The current dilemma facing the Thai and Lao governments is the fact that, for the most part, the 5000 Hmong refugees who remain in Thailand are adamant in their refusal to return to Laos. The Thai government has had to contend with threats of civil disturbance, even riot, within the camp. There have been credible reports that some desperate holdouts are preparing for mass suicide if the Thai military attempts to forcibly move them across the border.
While most of the current refugees are relatively new arrivals in Thailand, some are actually third-generation refugees born twenty years or more after their parents and grandparents left Laos.
In the early 1990’s the last of the United Nations sanctioned Hmong refugee camps in Thailand were closed and the refugees residing there were given a “last chance” offer to leave Thailand for refuge in the United States, Canada, France, Australia or other countries. For a variety of reasons some refugees, possibly numbered in the thousands, failed to join that exodus.
Some diehard resisters still harbored dreams of returning to Laos as victors in a protracted military campaign. Others had heard tales of the hardships experienced by earlier Hmong emigrants to America and were afraid to make the difficult move themselves. Still others were prevented from leaving Asia because they, or a family member, had issues such as multiple wives, drug addiction or chronic illness. (Even the renowned General Vang Pao, military leader of the Hmong, had to first divorce several wives before he could take up residency in America.)
After closure of the official refugee camps, many Hmong who could not or would not leave Thailand avoided deportation to Laos by accepting sanctuary from the abbot of Wat Tham Krabok, a Buddhist monastery in northern Thailand. Over a ten-year period, as news of this haven spread back to Laos, the number of Hmong living near the temple swelled from an initial population of a few hundred into a mass numbered in the tens of thousands.
In 2003, to help Thailand resolve the ever-growing problem, the United States declared another “last chance” offer for Hmong refugees to enter America. Once again, the Thai government declared that those who didn’t leave for the west would be forcibly repatriated to Laos. Subsequently, more than 15,000 Hmong living around the temple compound emigrated to the United States. (As many as 500 refugees came to my hometown of Wausau, Wisconsin.)
However, once again there were many who couldn’t or wouldn’t leave. (Sometimes the desires or needs of a single-family member dictated the decision for an entire, large, extended family.) Refusing to return to Laos, many refugees fled to roadside camps in northern Thailand and for the past six years have lived in squalid conditions there. This core group has been joined by thousands of more recent arrivals from Laos, who hope that America will ultimately break the stalemate by offering yet one more “last chance” offer of emigration.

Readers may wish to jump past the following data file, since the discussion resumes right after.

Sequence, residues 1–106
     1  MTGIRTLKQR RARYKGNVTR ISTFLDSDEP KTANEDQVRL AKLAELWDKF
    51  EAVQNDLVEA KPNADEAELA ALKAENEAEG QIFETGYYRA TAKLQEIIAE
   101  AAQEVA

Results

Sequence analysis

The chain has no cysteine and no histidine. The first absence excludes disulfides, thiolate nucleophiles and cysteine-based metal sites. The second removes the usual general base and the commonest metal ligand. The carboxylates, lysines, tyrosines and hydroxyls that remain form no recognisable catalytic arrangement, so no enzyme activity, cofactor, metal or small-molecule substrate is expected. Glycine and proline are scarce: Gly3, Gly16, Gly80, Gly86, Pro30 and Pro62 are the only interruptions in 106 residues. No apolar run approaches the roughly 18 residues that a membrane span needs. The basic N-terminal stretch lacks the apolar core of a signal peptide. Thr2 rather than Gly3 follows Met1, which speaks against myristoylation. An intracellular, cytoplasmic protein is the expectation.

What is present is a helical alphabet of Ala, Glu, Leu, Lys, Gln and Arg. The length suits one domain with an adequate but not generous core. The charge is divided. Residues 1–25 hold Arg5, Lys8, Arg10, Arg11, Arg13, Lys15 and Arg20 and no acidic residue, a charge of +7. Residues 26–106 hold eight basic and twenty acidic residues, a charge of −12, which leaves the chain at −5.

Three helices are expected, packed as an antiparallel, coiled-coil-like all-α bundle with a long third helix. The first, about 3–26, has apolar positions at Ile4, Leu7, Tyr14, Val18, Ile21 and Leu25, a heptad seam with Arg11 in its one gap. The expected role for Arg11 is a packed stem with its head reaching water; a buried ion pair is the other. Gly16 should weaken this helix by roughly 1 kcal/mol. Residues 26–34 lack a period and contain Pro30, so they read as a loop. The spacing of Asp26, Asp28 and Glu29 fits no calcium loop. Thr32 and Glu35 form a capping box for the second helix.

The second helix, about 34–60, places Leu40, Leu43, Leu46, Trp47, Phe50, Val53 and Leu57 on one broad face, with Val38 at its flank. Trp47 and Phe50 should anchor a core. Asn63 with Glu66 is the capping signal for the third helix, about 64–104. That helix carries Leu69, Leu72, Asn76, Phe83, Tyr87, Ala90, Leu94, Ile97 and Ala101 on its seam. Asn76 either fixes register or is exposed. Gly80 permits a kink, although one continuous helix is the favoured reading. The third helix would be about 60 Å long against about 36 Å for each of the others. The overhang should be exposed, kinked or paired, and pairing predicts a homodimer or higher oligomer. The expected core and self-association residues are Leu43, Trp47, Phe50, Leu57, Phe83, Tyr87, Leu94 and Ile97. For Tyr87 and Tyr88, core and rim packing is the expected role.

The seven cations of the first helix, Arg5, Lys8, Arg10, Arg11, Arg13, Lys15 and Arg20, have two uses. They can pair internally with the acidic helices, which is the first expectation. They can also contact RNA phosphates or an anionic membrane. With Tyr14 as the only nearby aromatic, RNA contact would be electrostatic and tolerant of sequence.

The Thai government, knowing that comfortable living conditions would spur even more Hmong to migrate, has actively worked to limit humanitarian support from non-government organizations. (Approximately 400,000 ethnic Hmong still reside in Laos. The vast majority have no desire to leave but the Thais fear that unless they stand fast so many would become economic refugees that that the problems along the border would vastly increase and persist for years).
The Lao government has promised that refugees may return without fear of reprisal and, in a surprisingly open, uncharacteristic move, has invited journalists, diplomats and aid workers to tour resettlement villages in Vientiane Province that have been established for returnees. But, long years of rumor, suspicion and hostility (sometimes fueled by Hmong living not in Laos, but abroad) has resulted in a level of distrust so great that few refugees are willing accept Lao assurances of safety.
The next chapter in this saga will be played out over the next six months. Many observers wonder whether the United States will become more actively involved and perhaps open a relief valve in the form of relaxed immigration rules: yet another “last chance” for ethnic Hmong, to come to America. (Albeit, thirty years and, in some cases, three generations removed from a distant war).